3. Air usage is exceptionally high and not normal for a highway vehicle. This may be due to accessory air demands or some unusual air requirement that does not allow the compressor

Directory Previous

Next

to load and unload (compressing and noncompressing cycle) in a normal mode

4. Check for high air system leak.

Note

The air dryer has been installed in a system that has been previously used without an air dryer. This type system will be saturated with moisture and several weeks of operation may be required to dry it out.

Location of the air dryer is too close to the air compressor.

In areas where more than a 30 degree range of temperature occurs in one day, small amounts of water can accumulate in the air brake system due to condensation.

Under these conditions, the presence of small amounts of moisture is normal and should not be considered as an indication that the dryer is not performing properly.

A small amount of oil in the system may be normal and should not, in itself, be considered a reason to replace the desiccant; oil stained desiccant can function adequately.

5. Check mounting bolts for tightness. Re-torque to 270-385 inch-pounds.

6. Perform the Operation and Leak Tests in this publication.

Every 36 months or 300,000 miles or 10,800 hours:

• Rebuild the air dryer including the desiccant cartridge.

Note

The desiccant change interval may vary from vehicle to vehicle. Typical desiccant cartridge life is three years.

Relay Valve

Every 3 months or 25,000 miles or 900 operating hours:

Check for proper operation.

Every 12 months or 100,000 miles or 3,600 operating hours:

1. Disassemble valve.

2. Clean parts with mineral spirits.

3. Replace all rubber parts and any part worn or damaged.

4. Check for proper operation before placing vehicle in service.

Dual Circuit Brake Valve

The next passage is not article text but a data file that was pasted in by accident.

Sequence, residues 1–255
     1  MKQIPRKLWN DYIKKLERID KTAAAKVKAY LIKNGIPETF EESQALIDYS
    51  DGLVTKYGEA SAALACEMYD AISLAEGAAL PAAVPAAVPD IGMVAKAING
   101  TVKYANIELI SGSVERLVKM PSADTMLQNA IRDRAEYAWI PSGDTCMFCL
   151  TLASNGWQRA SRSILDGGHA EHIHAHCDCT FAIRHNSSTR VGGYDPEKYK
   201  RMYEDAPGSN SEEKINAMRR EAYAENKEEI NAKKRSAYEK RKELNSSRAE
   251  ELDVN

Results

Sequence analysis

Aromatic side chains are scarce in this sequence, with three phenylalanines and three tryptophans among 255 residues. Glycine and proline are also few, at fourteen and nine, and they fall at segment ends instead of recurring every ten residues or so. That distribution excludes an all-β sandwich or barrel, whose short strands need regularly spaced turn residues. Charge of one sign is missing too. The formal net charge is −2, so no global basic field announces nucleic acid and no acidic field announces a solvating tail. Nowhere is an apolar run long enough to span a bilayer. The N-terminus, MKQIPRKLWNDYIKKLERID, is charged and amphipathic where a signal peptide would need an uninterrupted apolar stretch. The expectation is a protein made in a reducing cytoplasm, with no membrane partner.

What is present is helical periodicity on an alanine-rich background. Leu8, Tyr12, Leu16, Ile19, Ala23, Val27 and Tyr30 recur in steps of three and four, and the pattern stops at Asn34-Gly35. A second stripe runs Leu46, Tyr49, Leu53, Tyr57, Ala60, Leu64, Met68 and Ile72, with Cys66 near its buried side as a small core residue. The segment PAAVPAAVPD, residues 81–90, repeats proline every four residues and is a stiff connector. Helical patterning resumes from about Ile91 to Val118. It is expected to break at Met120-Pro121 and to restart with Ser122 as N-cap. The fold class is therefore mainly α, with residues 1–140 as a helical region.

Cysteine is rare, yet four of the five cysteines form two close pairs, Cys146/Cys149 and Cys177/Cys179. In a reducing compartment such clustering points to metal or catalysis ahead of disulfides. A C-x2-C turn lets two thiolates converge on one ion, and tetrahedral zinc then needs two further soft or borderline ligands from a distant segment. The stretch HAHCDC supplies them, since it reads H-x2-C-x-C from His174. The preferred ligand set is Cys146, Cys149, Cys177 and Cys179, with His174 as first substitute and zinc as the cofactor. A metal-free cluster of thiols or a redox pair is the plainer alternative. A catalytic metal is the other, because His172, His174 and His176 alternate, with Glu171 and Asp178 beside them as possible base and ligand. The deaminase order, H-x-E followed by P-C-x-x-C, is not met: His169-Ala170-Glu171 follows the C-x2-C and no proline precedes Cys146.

Every 3 months, or 25,000 miles or 900 operating hours:

1. Clean any foreign material away from the heel of the treadle, plunger boot and mounting plate.

2. Lubricate the treadle roller, roller pin and hinge pin with light oil.

3. Check the rubber plunger boot for cracks, holes or deterioration and replace if necessary.

4. Check mounting plate and treadle for integrity.

5. Apply 2 to 4 drops only of oil between plunger and mounting plate.

Every year, or 100,000 miles, or 3,600 operating hours:

1. Disassemble parts.

2. Clean parts with mineral spirits.

3. Replace all rubber parts or any part worn or damaged.

4. Check for proper operation before placing vehicle in service.

030-52

Directory Previous

Next

Automatic Slack Adjuster

1. Lubricate automatic slack adjuster in accordance with maintenance schedule.

2. Visually inspect for cracks and loose or missing hardware.

Brake Chamber

1. Visually inspect brake chamber for cracks and loose or missing hardware.

2. Check air lines for cracks and loose fittings.

Push Pull Control Valves

Every 6 Months, or 50,000 miles or 1,800 operating hours:

Disassemble, clean and replace parts as

necessary.

Air Compressor

Every two months, 800 operating hours or 20,000 miles:

Compressor Inlet Line

1. Air induction for the compressor comes from the engine intake.

2. Inspect hose from engine to compressor intake for kinks, abrasions, worn spots, and cracks.

Replace as necessary.

Intake Adapter

When the engine air cleaner is replaced.

Some compressors are fitted with compressor intake adapters that allow the compressor intake to be connected to the engine air induction system.